Bill Gross is a bond fanatic.

He co-founded Pacific Investment Management Company (PIMCO) and is the chief investment officer of PIMCO Total Return, the largest mutual fund in the world. With $234 billion of assets under management and a history of totally outperforming his peers, it is safe to say that, yes, Bill Gross is a true bond junky.

That's why I did a double take when I read in this weeks' Economist that Gross said bond returns "stand at the threshold of mediocrity."

What is he talking about?
The stock market has been flat the entire year (without July's rally, we'd probably be pretty deep in the red). On the contrary, investment-grade corporate bonds are up almost 8%, while risk-free treasuries are up 6%. As the poster-boy for all things bonds, what the heck is he talking about?!

The truth is that interest rates have almost nowhere to go but up. And as yields increase, bond prices move lower, eating away at any gain from the coupon. Over the past 30 years, interest rates have mostly been on the decline, which has helped their general outperformance with regard to stocks.

But those days are most likely over. Considering our nation's vast indebtedness and new concerns about inflation, rates will literally have to creep up over time. How long it takes is anyone's guess, but Gross has said: "It's been a great thrill as rates descended, but now we face an extended climb."

How to reposition yourself
Everyone knows asset allocation is a crucial part of financial planning. Typically, we allocate a portion of our savings to stocks and a portion to bonds and cash, and then we call it quits. The problem is that now we can't expect those spectacular bond returns, and we can't count on them for unlimited yield. That doesn't mean we should stop investing in bonds, but it does mean we should change the way we look at individual stocks.

If you're a retiree or close to retirement, you probably have two main concerns: saving enough money to last your lifetime and having enough current cash to pay for your daily expenses.

This is where dividend stocks come into play. Similar to bonds, dividend stocks dish out a quarterly or annual payment, however, they also have unlimited potential for capital appreciation. Dividend stocks satisfy both of your main concerns by paying you cash up front to help with rent, groceries, and other expenses, but they can also increase their value over time, helping to raise your portfolio in the process.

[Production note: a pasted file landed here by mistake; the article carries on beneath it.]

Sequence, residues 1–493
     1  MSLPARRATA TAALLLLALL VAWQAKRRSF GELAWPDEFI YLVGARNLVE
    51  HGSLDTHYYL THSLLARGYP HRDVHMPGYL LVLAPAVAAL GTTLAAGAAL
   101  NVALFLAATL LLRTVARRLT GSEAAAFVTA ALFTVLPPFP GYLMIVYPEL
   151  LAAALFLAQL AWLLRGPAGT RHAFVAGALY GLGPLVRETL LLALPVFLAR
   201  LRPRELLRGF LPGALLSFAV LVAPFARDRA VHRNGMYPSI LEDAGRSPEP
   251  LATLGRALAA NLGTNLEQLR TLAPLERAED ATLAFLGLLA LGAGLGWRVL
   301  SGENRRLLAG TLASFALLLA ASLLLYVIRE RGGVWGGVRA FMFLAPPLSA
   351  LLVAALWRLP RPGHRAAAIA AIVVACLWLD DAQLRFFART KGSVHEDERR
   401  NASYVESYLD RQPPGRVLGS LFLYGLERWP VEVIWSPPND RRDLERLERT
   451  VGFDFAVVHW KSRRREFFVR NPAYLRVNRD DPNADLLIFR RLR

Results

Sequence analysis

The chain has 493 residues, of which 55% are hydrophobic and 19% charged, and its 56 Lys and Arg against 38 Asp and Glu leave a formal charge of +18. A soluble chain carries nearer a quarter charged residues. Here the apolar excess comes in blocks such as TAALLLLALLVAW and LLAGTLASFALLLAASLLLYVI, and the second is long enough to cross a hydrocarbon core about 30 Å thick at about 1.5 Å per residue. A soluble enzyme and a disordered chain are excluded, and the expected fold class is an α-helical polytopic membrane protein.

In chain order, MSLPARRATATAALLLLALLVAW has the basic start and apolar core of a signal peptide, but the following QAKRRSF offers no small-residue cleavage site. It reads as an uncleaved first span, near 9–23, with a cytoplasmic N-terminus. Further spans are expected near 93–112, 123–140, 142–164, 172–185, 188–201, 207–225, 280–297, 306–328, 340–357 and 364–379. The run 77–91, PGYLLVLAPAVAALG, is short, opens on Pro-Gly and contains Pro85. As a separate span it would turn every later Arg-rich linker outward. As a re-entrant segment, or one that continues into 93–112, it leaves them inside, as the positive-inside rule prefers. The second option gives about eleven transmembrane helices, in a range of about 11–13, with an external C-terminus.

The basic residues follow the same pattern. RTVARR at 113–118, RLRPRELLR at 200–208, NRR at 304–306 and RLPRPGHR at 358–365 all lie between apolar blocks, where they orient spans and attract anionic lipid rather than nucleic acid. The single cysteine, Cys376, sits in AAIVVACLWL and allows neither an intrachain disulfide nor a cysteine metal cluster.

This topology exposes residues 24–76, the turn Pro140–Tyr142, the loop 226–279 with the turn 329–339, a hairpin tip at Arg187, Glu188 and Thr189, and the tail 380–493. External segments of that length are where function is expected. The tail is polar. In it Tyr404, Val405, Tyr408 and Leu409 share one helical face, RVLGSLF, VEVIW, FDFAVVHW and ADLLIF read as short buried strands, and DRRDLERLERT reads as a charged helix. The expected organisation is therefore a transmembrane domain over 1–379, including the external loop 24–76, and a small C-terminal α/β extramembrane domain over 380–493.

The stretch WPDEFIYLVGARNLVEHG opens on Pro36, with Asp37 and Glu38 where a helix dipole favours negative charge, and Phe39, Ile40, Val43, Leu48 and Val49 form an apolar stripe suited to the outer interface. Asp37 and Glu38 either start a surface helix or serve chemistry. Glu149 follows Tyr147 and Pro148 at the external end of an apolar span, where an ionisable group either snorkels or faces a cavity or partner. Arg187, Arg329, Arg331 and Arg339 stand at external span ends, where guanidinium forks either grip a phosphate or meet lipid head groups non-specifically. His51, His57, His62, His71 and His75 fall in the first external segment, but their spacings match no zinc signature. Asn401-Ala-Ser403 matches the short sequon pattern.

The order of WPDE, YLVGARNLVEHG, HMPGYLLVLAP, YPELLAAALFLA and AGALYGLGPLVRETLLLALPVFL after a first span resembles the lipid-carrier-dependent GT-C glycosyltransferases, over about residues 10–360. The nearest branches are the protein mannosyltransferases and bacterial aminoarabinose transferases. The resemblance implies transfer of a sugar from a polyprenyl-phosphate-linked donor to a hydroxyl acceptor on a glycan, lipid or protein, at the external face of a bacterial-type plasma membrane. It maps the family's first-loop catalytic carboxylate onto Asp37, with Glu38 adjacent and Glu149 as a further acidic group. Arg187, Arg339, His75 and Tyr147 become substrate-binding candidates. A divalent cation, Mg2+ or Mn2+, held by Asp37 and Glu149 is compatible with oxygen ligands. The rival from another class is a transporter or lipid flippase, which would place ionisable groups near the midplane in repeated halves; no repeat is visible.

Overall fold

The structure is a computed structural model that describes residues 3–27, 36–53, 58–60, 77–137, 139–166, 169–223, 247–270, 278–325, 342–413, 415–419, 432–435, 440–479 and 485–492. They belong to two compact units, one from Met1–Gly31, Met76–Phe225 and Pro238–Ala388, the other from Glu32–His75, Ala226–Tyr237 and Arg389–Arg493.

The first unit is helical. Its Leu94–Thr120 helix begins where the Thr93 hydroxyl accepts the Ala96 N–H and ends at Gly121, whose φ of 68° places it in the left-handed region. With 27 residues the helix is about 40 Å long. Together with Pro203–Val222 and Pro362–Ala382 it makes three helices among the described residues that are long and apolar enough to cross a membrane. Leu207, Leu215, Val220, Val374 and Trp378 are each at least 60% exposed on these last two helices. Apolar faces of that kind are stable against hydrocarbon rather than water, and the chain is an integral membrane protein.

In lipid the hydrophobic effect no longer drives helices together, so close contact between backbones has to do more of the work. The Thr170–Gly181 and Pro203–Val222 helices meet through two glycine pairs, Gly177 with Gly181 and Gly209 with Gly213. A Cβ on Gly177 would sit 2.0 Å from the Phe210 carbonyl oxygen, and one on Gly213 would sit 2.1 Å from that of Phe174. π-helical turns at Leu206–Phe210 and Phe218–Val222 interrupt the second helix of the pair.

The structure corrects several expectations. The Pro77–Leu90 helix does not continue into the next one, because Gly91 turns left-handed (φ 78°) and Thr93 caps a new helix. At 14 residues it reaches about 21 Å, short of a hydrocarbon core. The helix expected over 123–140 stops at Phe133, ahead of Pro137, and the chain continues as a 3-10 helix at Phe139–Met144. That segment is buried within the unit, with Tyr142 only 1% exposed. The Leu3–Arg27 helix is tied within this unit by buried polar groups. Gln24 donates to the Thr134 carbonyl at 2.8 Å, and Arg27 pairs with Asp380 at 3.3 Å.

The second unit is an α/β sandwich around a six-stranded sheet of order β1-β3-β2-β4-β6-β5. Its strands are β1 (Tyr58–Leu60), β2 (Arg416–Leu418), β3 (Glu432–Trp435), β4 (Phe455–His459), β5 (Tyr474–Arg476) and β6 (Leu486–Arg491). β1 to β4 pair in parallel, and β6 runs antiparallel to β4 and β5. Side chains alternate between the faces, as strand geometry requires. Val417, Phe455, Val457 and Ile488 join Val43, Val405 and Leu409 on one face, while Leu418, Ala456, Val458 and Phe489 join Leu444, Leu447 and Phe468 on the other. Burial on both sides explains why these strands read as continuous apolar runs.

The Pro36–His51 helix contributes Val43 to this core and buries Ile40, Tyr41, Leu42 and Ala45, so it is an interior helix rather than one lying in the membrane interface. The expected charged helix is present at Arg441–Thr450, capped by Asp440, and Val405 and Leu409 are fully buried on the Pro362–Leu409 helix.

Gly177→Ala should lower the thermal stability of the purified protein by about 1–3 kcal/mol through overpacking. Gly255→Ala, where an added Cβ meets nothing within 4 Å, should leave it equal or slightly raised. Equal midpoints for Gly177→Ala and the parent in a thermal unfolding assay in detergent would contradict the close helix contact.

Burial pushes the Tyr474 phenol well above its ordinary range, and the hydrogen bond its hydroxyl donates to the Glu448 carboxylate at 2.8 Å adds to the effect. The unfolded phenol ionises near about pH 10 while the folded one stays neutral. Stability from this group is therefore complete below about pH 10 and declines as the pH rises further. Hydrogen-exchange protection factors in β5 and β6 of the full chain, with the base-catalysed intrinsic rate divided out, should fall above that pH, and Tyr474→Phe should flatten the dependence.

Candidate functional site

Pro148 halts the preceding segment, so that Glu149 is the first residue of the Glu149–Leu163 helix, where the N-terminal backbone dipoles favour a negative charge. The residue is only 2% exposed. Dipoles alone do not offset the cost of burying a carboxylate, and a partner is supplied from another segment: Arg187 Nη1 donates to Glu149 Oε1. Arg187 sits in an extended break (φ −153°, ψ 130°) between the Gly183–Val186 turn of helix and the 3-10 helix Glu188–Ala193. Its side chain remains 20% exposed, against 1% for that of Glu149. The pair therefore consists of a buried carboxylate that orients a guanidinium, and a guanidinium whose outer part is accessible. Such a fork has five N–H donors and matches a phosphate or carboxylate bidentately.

However, not all dividend stocks are treated equally. If you're an investor that wants to sleep easy at night and not worry about the roller coaster that is the stock market, you should look for low-beta stocks. For instance, the real estate investment trust (REIT) NorthStar Realty Finance (NYSE: NRF) pays a great dividend of 11.4%, but its beta is close to 2. Similarly, commercial leasing aircraft company Aircastle (NYSE: AYR) pays a nice 4.2% yield but also has a beta of 2.5.

While there is nothing wrong with either of these companies, I wouldn't recommend them to older investors as they could churn up and down with the wild tide of the market. If stability is what you're looking for, then you've got to look elsewhere.

The best place to start
Let's say you want to take a portion of your stock portfolio and buy five individual stocks. I would suggest looking for companies that have low betas, pay great dividends, and still have room for growth. In addition, finding companies that you are comfortable with -- typically companies that have illustrated steadiness in the market -- is crucial to being at ease with your selections. The five companies I have chosen below are a great place to begin:


Dividend Yield

1-Year Beta

Estimated EPS Growth*

Windstream Corporation (NYSE: WIN)




Kinder Morgan Energy (NYSE: KMP)








Altria Group (NYSE: MO)




Bristol-Myers Squibb (NYSE: BMY)




Source: Capital IQ, a division of Standard & Poor's. *2-year estimate.

These may not seem like the five most exciting companies, but that's the point. Sometimes the most unexciting, unexpecting companies are the ones that are less volatile but still have the ability to put cash in your pocket, in addition to growing over time. Not convinced yet? Take a look at what some simple investments would have done for you over the past five years:


Initial Investment

5-Year Annualized Gain*

Ending Investment





Kinder Morgan Energy












Bristol-Myers Squibb




*Compound annual growth rate

Over a very short time horizon of five years, you could have made more than a 50% gain by investing in these very ordinary-seeming stocks. Their success can be attributed to the fact that they held up well during the recession and continued to pay dividends, which ultimately played a big part in their gains. And this is during a time when the overall stock market was basically flat -- in fact, if you had invested $1,000 in a stock index fund, you most likely would have lost money!

Don't wait any longer
Despite last year's phenomenal rally in the market, investors this year have pulled billions of dollars out of stock funds and poured that hard-earned cash into bond funds. Considering the uncertainty in the market and in our economic future, it's an understandable response.

But trust me: Investing in individual stocks is the only way you can secure a path to a comfortable retirement. You may not get rich overnight, but allocating a good portion of your portfolio to dividend stocks will not only increase your wealth, but you'll sleep well knowing that your money is in good hands.

This article represents the opinion of the writer, who may disagree with the “official” recommendation position of a Motley Fool premium advisory service. We’re motley! Questioning an investing thesis -- even one of our own -- helps us all think critically about investing and make decisions that help us become smarter, happier, and richer.